You can request up to 10 items a day to be recorded and added to BoB. The 9 most popular channels are listed first and programmes aired on these will be immediately recorded and added to BoB. If you would like programmes from other channels you can  request these within 30 dys of broadcast. You can also request programmes up to seven days in advance.

BoB is therefore a really good catch up service and there is no need for a TV license as the University has a license which allows students to access content via BoB.

BoB also has an archive of over 2 million broadcasts that date back to the 1990s, these include TV programmes, documentaries, films and radio broadcasts. You can also make your own playlists and create clips.

Access BoB via our eResources A-Z page.

KanopyKanopy

Kanopy is another great resource for watching films and documentaries online, again you don’t need a TV license to access this!

It provides access to over 6,000 videos on a range of different subjects including humanities, education, the arts, business, health and sciences.

Also included are a lot of Hollywood films, British Cinema, international cinema and also early cinema.

This is a great resource and is again free to use, access Kanopy via our eResources A-Z page.

If you would like to learn about these resources or any others please contact your information consultant 

How can I find my Reading List stuff?!

So, term has started and you know you’ve got some reading to do and you need to start finding those books and articles. Well, the Library is here to help! We have a fabulous reading list systems which stores all the reading lists we receive from the department. It then links directly to the Library Catalogue to show you how many copies we have and where to find them!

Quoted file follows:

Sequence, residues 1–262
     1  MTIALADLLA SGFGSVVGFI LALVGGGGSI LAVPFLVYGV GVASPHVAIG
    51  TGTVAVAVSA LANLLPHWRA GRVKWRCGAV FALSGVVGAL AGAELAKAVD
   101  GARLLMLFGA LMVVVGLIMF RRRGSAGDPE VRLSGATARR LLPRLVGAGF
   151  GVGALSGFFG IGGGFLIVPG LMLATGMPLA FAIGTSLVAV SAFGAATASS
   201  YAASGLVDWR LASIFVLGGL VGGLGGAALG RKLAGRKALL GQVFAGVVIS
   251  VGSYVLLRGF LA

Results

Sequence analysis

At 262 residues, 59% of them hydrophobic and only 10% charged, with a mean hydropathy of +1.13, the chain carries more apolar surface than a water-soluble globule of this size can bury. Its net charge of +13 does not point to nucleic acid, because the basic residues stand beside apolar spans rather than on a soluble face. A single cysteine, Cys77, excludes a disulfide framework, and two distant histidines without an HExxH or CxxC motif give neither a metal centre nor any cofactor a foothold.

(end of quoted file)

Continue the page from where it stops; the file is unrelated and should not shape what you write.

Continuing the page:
This post will show you how to:

  • Find reading lists for your course
  • Use reading lists to find library resources
  • Download your reading lists

Reading List Guide

Check out our PowerPoint here to find out all you need to know about accessing and using reading lists.

Have a go yourself!

 

Check out one of your own reading lists for your course here: readinglists.rhul.ac.uk 

TIP: Try using the Course code e.g. GL1460 or the course title Igneous and Metamorphic Geology

Need help?

If you get stuck, we’re always happy to help. You can either email your Information Consultant, the Reading List Team or the Library.

Meet your Librarian – Debbie Phillips

Could you introduce yourself, and let us know your job title?

Hi, I’m Debbie. I’m the Information Consultant for Classics, History, Modern Languages, and Music.

Debbie Phillips
Debbie Phillips

How long have you been at RHUL Library?

I’m quite new! I started in January 2017, so it’s only been 9 months!

What is your role within the Library?

I’m the link between the Library and the various departments that I represent, so my role is to make sure that we have the resources that they need for teaching and research. I’m also responsible for making sure that staff & students know how to use the resources that we have, and how to evaluate the information they find. To do this I teach Information Literacy sessions.

Have you always worked in libraries?

Yes, I have (unless you count babysitting as a teenager, or my very glamorous holiday job as a booking clerk for a coach firm when I was at University).

What did you want to be when you were little?

I am pretty sure I wanted to be a ballerina. Then I had dancing lessons and it became apparent that dancing professionally wasn’t going to be the career choice for me.

Do you have any heroes and if you do, why are they your heroes?

I don’t think I do!

What did you study?

I studied Psychology right here at RHUL! Then later I did an MA in Information Services Management.

Do you have a favourite book and why?

It’s Good Omens by Terry Pratchett & Neil Gaiman, because it’s funny, touching, apocalyptic and it makes me think about something different every time I read it.

If you had to be a superhero alter ego, what would they be names and what would your super power be?

I’m rubbish at superhero names, but I think my superpower would be telekinesis. I’d love to be able to make a cup of tea without walking over to the kettle!

Meet your Librarian – Rachel White

Could you introduce yourself, and let us know your job title?

My name is Rachel White and I am the Information Consultant for English, Media Arts, Drama & Theatre and the Centre for the Development of Academic Skills (CeDAS).

Rachel Sleeman

 How long have you been at RHUL Library?